Colombia also has programs that award land rights to those affected by conflict. Providing land rights is a key element of the Reforma Rural Integral, which is considered a centerpiece of the country’s peace process. It entails creating a fund and a registry to formalize land ownership in rural areas affected by conflict.
There’s also Unidad de Restitucion de Tierra, which seeks to restore ownership of lands for those displaced by armed conflict. It is estimated that these lands account for up to 10 million hectares, or about 15 percent of Colombian territory.
“There’s a lot of promising work going on to establish land security in rural areas of Colombia,” continued Castro. “During peacetime, land titling, but in particular collectively owned lands, could be a good strategy to reduce both the causes of conflict and deforestation. Our study confirms that.”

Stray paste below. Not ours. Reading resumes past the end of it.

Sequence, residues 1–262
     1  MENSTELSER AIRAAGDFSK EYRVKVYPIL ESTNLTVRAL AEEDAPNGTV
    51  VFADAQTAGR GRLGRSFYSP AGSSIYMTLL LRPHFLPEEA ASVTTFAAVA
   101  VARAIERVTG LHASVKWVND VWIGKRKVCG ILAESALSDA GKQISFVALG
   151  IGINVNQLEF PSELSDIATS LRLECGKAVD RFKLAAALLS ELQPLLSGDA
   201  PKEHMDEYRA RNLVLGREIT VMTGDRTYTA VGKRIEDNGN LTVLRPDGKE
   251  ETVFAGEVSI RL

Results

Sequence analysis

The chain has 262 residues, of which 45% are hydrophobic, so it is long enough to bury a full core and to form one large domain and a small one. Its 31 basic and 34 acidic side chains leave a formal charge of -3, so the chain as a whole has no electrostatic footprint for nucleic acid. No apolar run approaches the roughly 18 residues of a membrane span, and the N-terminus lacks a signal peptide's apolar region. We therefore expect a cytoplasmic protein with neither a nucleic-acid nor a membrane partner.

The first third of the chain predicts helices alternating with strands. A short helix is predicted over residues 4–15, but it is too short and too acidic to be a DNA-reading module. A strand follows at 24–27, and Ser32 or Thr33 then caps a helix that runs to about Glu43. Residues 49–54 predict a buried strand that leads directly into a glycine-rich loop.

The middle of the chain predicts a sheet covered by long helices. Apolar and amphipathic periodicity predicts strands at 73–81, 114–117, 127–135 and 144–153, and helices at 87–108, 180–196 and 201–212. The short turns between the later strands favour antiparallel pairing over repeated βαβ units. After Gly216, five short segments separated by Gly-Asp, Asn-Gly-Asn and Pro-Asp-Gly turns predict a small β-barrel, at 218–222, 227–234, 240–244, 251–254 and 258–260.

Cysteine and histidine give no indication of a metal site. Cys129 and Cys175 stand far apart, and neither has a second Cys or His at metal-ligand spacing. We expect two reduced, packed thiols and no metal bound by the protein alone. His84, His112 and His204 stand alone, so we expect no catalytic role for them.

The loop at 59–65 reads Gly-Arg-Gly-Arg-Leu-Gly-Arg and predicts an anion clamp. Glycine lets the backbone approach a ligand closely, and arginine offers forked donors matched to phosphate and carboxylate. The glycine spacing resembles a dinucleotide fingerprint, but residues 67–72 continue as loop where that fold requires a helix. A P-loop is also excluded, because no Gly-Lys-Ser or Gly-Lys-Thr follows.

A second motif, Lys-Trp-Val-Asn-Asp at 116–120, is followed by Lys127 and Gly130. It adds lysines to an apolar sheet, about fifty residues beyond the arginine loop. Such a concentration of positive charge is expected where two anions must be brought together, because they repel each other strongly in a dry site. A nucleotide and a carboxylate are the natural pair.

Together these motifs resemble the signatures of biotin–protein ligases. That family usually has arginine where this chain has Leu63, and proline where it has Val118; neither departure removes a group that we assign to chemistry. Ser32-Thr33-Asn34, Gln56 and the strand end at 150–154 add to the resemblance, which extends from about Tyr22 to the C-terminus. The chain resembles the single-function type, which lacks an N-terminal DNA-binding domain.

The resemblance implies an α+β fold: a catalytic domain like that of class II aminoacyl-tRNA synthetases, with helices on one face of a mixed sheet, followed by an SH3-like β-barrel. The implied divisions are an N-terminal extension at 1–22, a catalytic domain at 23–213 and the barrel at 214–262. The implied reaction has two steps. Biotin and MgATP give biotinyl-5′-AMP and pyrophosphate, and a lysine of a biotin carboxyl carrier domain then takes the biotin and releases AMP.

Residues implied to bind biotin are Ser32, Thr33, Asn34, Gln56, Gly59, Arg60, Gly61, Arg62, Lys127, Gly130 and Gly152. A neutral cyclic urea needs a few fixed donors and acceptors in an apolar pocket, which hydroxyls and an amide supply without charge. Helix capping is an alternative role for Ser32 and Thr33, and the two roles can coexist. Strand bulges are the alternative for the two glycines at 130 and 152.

Aside from Castro, several researchers have argued for awarding collective land titles to resolve conflict and preserve forests. They include the late Elinor Claire “Lin” Ostrom, who won a Nobel Memorial Prize in Economic Sciences for “for her analysis of economic governance, especially the commons.”
The paper Land related grievances shape tropical forest cover in areas affected by armed conflict is published in Applied Geography. The study was funded by the Valorización del potencial REDD+ y MDL para el desarrollo sostenible del Rio Grande de la Magdalena project (PREPAREDD) and the Global Land Project grant from the University of Copenhagen.